End of an era: Google announces it will no longer index Adobe Flash content
At the dawn of the World Wide Web, websites powered by early versions of Hypertext Markup Language were very basic because of the limitations of the code.
In the latter half of the 1990s and into the early 2000s, an alternative appeared in the form of what is today known as Adobe Flash. Flash, for all its extraordinarily massive security flaws, turned boring websites into arguably more appealing sites. As a multimedia platform, Flash offered animation, rich internet applications and more, for a time enriching the Internet.
The age of Flash, though, has passed as HTML has provided an alternative path for rich internet content. Internet browsers have been disabling native support for Flash for years, but ultimately the final death notice comes today: Google LLC has announced that it will stop indexing sites using Flash by the end of the year.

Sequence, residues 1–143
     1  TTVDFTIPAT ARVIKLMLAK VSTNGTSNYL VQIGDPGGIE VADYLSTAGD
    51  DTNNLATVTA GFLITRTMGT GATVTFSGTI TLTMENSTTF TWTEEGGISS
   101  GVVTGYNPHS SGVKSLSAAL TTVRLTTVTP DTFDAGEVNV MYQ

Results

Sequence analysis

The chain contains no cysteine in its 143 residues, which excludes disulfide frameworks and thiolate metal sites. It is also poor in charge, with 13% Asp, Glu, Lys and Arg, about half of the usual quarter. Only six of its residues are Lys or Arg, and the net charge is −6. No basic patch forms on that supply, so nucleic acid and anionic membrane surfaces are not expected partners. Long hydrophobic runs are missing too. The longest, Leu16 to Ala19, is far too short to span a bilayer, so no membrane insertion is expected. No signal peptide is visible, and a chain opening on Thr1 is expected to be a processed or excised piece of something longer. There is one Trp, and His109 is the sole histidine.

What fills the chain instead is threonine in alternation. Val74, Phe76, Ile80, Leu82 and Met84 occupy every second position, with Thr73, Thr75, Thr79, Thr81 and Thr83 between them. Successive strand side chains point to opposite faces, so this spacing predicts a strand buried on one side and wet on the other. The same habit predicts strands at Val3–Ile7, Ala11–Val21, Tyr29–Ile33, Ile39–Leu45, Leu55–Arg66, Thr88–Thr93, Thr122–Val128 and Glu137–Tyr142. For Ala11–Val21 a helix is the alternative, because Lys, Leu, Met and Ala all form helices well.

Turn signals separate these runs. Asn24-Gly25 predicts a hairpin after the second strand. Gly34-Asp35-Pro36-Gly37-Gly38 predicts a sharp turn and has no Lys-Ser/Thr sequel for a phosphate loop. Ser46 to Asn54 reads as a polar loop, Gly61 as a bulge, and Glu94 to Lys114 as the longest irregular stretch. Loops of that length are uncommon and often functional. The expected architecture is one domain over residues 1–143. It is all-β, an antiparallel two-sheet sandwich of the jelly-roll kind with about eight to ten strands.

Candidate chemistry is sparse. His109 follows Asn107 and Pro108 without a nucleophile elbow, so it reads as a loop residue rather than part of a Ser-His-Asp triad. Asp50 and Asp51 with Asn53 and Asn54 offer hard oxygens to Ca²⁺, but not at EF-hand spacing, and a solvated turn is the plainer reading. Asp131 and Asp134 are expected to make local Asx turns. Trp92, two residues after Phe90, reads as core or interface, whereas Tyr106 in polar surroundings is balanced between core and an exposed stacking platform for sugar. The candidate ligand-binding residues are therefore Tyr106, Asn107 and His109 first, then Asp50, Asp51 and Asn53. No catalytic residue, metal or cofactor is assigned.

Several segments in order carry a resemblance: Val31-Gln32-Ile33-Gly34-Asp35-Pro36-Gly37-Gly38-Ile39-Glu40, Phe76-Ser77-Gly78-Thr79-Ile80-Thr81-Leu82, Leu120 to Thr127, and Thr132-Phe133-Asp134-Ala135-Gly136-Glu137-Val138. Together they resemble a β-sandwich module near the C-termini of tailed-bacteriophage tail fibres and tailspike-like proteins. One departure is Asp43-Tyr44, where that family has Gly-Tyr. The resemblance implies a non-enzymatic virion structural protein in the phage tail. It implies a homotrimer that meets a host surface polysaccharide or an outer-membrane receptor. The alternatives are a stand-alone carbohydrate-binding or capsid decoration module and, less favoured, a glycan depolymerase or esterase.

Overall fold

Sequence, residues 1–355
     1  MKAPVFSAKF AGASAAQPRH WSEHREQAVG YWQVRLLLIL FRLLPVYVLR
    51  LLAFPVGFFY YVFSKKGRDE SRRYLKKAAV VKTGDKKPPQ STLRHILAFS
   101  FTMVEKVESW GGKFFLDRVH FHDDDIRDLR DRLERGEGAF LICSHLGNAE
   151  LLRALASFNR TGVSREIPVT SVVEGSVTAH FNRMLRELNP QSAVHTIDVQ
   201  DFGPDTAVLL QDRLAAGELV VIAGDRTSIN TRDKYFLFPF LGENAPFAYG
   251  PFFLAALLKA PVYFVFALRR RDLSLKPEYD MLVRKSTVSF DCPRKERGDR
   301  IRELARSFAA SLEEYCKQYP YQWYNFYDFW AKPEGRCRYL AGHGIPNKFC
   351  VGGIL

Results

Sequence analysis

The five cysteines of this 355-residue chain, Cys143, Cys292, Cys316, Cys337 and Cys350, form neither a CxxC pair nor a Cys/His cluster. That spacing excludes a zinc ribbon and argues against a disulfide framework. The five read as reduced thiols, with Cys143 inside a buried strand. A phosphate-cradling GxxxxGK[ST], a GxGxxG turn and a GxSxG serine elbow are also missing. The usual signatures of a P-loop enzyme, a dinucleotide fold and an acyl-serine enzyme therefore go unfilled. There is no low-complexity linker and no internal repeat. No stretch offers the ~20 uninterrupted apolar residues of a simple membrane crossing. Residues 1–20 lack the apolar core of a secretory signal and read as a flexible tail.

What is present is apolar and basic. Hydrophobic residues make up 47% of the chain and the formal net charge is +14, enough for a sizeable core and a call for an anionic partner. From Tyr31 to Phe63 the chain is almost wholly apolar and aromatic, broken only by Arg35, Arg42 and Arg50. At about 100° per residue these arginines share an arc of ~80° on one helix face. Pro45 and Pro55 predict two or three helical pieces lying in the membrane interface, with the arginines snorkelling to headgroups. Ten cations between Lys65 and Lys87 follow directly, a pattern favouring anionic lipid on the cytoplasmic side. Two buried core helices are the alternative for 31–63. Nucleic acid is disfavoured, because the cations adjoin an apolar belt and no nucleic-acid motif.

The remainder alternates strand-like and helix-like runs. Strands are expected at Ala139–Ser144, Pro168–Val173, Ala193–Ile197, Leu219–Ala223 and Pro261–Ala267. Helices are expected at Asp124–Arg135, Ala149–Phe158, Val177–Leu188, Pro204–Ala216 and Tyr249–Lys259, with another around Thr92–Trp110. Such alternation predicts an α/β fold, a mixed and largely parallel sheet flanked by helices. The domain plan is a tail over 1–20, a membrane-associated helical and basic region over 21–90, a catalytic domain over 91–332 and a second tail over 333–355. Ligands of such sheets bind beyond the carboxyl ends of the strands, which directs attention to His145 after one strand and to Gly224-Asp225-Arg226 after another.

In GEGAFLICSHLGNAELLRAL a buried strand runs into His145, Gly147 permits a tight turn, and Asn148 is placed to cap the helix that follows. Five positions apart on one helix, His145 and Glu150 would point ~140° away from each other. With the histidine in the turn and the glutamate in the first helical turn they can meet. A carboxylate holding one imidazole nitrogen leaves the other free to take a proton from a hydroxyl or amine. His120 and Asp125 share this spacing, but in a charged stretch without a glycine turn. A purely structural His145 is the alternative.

“Google Search will stop supporting Flash later this year,” Dong-Hwi Lee, an engineering manager at Google, wrote in a blog post. “In Web pages that contain Flash content, Google Search will ignore the Flash content. Google Search will stop indexing standalone SWF files. Most users and websites won’t see any impact from this change.
“Flash, you inspired the web,” Lee added. “Now, there are web standards like HTML5 to continue your legacy.”
As Search Engine Roundtable notes, Google never really indexed or ranked Flash content that well to begin with, but nonetheless, it is the end of an era.
For nearly all internet users, Google’s decision will make no difference. In 2019, finding a website that uses Flash is a rare occurrence. Adobe, which acquired Flash when it took over Macromedia Inc. for $3.4 billion in 2005, stopped providing updates for the technology in 2017.
Image: Thiemo Gillssen/Flickr
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